Space weather disrupts communications, threatens other technologies on Earth

Feb 18, 2011
Credit: NASA

(PhysOrg.com) -- A powerful solar flare has ushered in the largest space weather storm in at least four years and has already disrupted some ground communications on Earth, said University of Colorado Boulder Professor Daniel Baker, an internationally known space weather expert.

Classified as a Class X flare, the Feb. 15 event also spewed billions of tons of charged particles toward Earth in what are called coronal mass ejections and ignited a in Earth's magnetic field, said Baker, director of CU-Boulder's Laboratory for Atmospheric and Space Physics. Such powerful ejections can cause a variety of socioeconomic and safety issues ranging from the disruption of airline navigation systems and power grids to the safety of airline crews and astronauts.

"The sun is coming back to life," said Baker, who chaired a 2008 National Research Council committee that produced a report titled "Severe Space Weather Events -- Understanding Societal and Economic Impacts." For the past several years the sun has been in its most quiescent state since early in the 20th century, said Baker.

From a scientific standpoint a class X event -- the most powerful kind of solar flare -- is exciting, said Baker, also a CU-Boulder professor in the astrophysical and planetary sciences department. "But as a society, we can't afford to let our guard down when operating spacecraft in the near-Earth environment."

According to the National Oceanic and Atmospheric Administration, several more may reach Earth's atmosphere in the next day or two.

"Human dependence on technology makes society more susceptible to the effects of space weather," Baker said. "But scientists and engineers have made great strides in recent decades regarding this phenomenon.

"We understand much more about what is happening and can build more robust systems to withstand the effects," Baker said. "It will be interesting to see how well our technological systems will withstand the rigors of space weather as the sun gets back to higher activity levels."

Baker also spearheaded a 2006 NRC report titled "Space Radiation Hazards and the Vision for Space." The report considered the effects of events on human explorers venturing beyond low-Earth orbit. The National Research Council is a federal organization created by the National Academy of Sciences.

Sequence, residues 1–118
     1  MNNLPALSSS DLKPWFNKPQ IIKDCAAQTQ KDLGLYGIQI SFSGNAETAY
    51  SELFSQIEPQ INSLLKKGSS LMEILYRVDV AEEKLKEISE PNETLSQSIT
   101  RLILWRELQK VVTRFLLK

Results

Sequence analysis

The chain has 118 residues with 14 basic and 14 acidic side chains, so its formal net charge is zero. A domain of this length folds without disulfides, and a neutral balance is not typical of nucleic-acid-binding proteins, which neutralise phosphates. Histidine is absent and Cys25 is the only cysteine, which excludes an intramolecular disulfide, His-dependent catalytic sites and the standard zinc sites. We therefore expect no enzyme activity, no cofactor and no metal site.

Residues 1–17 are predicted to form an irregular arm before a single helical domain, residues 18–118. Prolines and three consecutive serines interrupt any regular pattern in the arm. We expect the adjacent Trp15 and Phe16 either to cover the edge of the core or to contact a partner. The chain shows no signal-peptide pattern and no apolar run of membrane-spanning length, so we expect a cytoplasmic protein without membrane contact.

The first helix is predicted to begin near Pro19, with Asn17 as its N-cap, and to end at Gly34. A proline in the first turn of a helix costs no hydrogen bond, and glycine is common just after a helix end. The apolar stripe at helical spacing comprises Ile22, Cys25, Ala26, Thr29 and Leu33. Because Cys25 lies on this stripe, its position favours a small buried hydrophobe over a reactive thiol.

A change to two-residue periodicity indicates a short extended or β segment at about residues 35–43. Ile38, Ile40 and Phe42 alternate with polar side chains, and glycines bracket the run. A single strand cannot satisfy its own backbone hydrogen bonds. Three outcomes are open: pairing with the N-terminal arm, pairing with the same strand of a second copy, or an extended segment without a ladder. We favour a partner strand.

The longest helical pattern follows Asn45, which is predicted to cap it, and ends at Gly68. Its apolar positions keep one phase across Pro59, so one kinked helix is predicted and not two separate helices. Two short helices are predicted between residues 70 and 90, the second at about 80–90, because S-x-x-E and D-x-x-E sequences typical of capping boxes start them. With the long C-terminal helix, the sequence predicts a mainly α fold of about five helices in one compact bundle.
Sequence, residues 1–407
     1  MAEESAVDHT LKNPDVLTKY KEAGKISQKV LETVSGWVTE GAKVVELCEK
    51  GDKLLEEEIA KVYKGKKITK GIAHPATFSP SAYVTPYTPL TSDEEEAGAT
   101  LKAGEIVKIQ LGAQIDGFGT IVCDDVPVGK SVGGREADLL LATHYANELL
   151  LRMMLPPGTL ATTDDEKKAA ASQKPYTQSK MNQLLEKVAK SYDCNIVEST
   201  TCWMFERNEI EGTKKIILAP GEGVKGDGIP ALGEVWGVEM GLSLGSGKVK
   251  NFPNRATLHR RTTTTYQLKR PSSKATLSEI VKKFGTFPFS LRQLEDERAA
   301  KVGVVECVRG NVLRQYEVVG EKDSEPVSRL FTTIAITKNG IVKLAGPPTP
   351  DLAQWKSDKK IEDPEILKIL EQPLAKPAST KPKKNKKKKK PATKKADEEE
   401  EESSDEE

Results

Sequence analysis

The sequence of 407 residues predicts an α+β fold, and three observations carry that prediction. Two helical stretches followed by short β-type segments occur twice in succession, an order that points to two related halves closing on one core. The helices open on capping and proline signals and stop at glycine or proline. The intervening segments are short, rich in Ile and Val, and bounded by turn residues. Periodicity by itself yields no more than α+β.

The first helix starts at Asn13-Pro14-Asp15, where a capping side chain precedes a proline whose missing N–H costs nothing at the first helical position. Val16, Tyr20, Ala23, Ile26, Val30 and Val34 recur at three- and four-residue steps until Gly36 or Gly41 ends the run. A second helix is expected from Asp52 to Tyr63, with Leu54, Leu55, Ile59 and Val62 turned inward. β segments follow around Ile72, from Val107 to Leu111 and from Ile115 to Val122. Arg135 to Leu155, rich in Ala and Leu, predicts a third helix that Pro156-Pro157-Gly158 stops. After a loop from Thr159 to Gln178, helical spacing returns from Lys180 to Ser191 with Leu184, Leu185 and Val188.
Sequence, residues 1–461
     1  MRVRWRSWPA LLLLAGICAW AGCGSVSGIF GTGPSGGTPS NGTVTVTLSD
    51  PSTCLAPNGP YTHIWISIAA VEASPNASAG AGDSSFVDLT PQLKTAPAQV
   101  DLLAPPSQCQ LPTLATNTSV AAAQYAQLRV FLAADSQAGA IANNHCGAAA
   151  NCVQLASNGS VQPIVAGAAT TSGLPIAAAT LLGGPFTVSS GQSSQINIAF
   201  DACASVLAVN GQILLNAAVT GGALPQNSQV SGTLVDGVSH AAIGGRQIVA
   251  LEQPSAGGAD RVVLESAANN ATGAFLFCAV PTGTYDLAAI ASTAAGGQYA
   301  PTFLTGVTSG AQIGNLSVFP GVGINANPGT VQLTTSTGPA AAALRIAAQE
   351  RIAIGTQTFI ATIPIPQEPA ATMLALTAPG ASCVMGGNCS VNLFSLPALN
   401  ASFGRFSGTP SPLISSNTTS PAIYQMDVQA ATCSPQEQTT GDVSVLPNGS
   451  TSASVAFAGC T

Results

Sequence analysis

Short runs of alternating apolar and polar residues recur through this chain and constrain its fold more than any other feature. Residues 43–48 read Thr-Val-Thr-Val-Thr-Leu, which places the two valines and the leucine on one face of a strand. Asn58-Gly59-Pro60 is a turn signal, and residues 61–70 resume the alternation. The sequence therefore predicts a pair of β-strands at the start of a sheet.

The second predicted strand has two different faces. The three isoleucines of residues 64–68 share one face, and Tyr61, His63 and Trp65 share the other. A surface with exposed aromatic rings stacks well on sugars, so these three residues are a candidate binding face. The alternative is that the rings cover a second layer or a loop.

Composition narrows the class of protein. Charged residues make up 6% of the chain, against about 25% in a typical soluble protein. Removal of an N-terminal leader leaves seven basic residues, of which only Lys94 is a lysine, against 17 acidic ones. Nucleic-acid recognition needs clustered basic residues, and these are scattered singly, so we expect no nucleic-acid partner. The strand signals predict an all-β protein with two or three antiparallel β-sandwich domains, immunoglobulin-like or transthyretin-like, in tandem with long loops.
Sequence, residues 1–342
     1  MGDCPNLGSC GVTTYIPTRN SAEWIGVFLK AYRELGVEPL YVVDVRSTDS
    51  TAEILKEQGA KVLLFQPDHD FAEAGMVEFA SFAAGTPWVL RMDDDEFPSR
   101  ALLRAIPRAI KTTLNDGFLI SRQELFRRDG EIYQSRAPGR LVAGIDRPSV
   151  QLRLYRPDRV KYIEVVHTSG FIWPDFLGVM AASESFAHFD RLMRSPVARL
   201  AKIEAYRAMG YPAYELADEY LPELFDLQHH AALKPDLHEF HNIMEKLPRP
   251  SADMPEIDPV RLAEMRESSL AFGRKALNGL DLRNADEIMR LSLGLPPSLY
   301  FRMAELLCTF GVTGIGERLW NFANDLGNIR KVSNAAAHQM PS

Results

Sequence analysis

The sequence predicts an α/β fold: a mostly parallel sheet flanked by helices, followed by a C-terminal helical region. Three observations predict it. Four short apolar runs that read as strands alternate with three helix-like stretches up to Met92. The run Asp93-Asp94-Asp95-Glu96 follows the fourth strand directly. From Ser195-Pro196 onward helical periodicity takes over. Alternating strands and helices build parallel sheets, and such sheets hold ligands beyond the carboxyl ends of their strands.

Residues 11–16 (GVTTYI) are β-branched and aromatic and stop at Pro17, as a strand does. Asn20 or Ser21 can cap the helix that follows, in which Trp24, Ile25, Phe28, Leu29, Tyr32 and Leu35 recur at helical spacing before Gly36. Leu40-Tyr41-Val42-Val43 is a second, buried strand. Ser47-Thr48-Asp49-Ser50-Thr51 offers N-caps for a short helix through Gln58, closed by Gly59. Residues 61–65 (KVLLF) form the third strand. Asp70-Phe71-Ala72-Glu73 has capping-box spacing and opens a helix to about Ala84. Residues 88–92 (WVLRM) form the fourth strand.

Explore further: The source of the sky's X-ray glow

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User comments : 5

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omatumr
1 / 5 (2) Feb 18, 2011
Space weather also influences Earth's climate:

arxiv.org/pdf/0905.0704

With kind regards,
Oliver K. Manuel
Former NASA Principal
Investigator for Apollo
vidyunmaya
1 / 5 (1) Feb 19, 2011
ENVIRONMENT SENSEX-EARTH'S GLOW-SUN-LIFE SIGNIFICANCE
The subject of climate control,environmentand sustainability needs to be re-defined in the present context of changing scenario. The Earth planet is in grave danger of loosing its balance function to support life.
www [dot]newciv [dot] org/nl/newslog [dot] php/_v162
The Scientific community should wake-up to HELIOPHYSICS
Vidyardhi Nanduri
omatumr
1 / 5 (1) Feb 19, 2011
Yes, Earth is connected gravitationally, magnetically and electrically to its heat source - a neutron star that is obscured from view by waste products in the photosphere.

arxiv.org/pdf/1102.1499v1
Shelgeyr
1 / 5 (2) Mar 02, 2011
(snip)...a neutron star that is obscured from view by waste products in the photosphere.


This is primarily where I disagree with you, Dr. Manuel, but I'm not going to flame you for it (you deserve better).

Forgive me if I've missed this particular point in your published works, but how do you account for the apparent general consistency of the sun's output over recorded history? Or for that matter, episodes of increased output?

For what it is worth, I lean more towards the EU explanation, while admitting I don't (currently?) have an outright "answer" to rebut you with.

Keep up the good work, though!
omatumr
1 / 5 (2) Mar 02, 2011
(snip)...a neutron star that is obscured from view by waste products in the photosphere.


This is primarily where I disagree with you, Dr. Manuel, but I'm not going to flame you for it (you deserve better).

Forgive me if I've missed this particular point in your published works, but how do you account for the apparent general consistency of the sun's output over recorded history? Or for that matter, episodes of increased output?

For what it is worth, I lean more towards the EU explanation, while admitting I don't (currently?) have an outright "answer" to rebut you with.

Keep up the good work, though!


Thanks, Shelgeyr.

Earth's climate has changed over recorded time and the changes are linked with solar cycles.

See "Earth's Heat Source - The Sun" and references cited there.

arxiv.org/pdf/0905.0704